Handwriting Without Tears is a name known to homeschoolers, private schoolers, and public schoolers alike. Their hands-on approach to this important skill is a successful one. So if they are so well known, why have I never tried them before? I figured that writing letters was something easy enough, I could figure it out on my own.
I won't bore you with all the ways in which this failed. Suffice to say, all of my children have atrocious handwriting. They are all set to be doctors with their handwriting. When the just-turned 5 year old was asking me to help her make letters, I knew I needed to do better. The timing of this review is just perfect - a great example that the Lord cares for even our smallest concerns.
Teacher's Guide ($9.25) and the student book, Letters and Numbers for Me ($8.25). There are other items available that add so much to the curriculum but are not an absolute necessity, or can be substituted. Now, these items may be considered optional, but I strongly urge you to do what you can to incorporate these elements.
The Teacher's Guide is essential to implementing the curriculum. I'm not crazy about the order of the information in the book, but I am so happy to have it all there and cross-referenced to be able to find what I need. The suggested schedule has everything spelled out making it easy to plan for and implement the lessons. All of the various multi-sensory activities are explained. In many cases there is additional information at a link found within the book - goodies such as extra pages for practice, videos demonstrating a lesson, Mat Man's insides (ties in with our anatomy - Love it!). Don't miss these bonuses!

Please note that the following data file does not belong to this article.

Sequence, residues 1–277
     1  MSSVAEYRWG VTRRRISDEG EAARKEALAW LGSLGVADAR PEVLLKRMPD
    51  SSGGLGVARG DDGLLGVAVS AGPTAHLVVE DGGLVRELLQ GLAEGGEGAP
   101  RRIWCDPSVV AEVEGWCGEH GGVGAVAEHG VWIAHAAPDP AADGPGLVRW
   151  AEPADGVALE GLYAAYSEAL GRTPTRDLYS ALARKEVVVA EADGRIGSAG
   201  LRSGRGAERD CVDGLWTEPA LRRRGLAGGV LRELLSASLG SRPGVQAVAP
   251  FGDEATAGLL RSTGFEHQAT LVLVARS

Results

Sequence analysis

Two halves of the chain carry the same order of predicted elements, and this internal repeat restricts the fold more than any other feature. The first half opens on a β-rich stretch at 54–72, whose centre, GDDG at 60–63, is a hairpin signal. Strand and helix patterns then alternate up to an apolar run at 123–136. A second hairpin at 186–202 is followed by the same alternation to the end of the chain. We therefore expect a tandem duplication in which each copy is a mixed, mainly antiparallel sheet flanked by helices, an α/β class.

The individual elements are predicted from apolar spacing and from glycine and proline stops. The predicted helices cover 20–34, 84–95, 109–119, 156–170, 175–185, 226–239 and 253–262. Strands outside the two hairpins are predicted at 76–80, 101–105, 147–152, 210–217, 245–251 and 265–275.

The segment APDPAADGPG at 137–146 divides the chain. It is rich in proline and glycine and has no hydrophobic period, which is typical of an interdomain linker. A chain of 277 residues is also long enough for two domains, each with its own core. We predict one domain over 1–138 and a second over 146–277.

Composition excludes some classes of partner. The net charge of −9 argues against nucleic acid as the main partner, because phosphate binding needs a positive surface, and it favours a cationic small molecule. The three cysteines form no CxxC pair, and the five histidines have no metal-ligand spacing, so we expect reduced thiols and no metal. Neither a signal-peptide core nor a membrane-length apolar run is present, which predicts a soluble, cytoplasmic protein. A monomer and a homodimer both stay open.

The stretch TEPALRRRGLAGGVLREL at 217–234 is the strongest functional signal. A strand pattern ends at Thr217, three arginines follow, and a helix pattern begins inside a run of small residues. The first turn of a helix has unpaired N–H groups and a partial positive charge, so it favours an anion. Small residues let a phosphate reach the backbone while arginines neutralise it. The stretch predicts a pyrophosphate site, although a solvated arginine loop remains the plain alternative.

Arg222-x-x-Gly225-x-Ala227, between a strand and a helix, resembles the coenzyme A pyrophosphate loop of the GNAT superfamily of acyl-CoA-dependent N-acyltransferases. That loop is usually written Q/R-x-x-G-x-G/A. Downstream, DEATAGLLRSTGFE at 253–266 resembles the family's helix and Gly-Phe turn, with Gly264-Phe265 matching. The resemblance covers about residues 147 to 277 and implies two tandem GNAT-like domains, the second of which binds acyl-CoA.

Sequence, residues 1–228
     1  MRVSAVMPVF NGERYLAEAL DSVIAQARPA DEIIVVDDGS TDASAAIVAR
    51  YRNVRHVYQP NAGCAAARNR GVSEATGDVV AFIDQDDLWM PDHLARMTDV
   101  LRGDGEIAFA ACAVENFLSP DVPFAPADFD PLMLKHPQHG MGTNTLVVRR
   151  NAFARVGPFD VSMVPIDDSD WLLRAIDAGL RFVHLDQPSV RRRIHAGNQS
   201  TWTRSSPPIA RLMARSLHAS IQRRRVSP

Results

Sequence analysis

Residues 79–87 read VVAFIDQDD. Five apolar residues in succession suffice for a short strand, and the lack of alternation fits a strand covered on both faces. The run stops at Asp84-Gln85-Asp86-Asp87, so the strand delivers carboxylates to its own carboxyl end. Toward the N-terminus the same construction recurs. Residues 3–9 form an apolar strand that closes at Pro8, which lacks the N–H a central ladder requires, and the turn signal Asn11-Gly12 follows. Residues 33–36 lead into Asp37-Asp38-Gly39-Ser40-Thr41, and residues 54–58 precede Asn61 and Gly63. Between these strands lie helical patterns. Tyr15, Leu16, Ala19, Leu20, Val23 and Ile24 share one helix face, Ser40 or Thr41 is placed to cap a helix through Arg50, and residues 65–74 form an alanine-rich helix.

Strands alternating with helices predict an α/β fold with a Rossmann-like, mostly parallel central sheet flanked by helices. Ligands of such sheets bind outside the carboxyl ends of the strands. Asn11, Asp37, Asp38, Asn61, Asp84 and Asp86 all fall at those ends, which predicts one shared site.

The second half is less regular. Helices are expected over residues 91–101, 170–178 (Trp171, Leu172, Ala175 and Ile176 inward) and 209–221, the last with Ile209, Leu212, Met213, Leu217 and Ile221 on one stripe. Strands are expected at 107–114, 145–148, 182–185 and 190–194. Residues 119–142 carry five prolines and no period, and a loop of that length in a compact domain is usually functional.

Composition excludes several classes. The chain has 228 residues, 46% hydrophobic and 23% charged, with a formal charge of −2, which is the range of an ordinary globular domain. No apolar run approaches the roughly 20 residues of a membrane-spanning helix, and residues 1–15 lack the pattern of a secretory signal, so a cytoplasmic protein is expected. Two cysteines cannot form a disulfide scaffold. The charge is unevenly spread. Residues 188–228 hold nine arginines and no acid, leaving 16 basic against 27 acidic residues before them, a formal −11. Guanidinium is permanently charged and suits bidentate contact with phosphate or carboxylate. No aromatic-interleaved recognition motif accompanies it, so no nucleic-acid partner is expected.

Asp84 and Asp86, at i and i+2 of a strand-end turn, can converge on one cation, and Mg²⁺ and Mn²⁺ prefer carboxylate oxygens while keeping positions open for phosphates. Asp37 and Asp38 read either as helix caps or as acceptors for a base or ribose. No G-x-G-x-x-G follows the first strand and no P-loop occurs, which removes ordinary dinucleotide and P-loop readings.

Wood Pieces for building the letters. In the book and online there is a printable pattern for making your own. We made our own with materials we had on hand. Using the pattern, I cut pieces from felt and medium weight corrugated cardboard and glued them together. While they are not as great as the wood pieces, they are more durable than paper and sturdier than the felt alone. I'll be adding magnets to the back (once I buy some magnet tape) so they can more easily be used on a cookie sheet.
personal size slate (chalkboard). This the most asked for activity of all the multi-sensory things we are doing. The biggest thing (besides the size) that appealed to both my daughter and I is that smiley face letting you know where to start your letters. Small pieces of chalk and sponge cubes are essential items for the Wet-Dry-Try activity.
Another favorite activity has been the songs. Lyrics and information for each song are included in the Teacher's Guide and/or printable from the specially accessed area of the website. In addition, videos on the website show just how these songs illustrate skills and activities. The Rock, Rap, Tap & Learn CD ($13.75) has 25 songs that provide both catchy lyrics and movement. They aid in teaching skills necessary for the steps of letter formation(Where Do You Start Your Letters?) and for proper pencil grip (Picking Up My Pencil) to name just two.
Books are available for pre-K through 5th grade.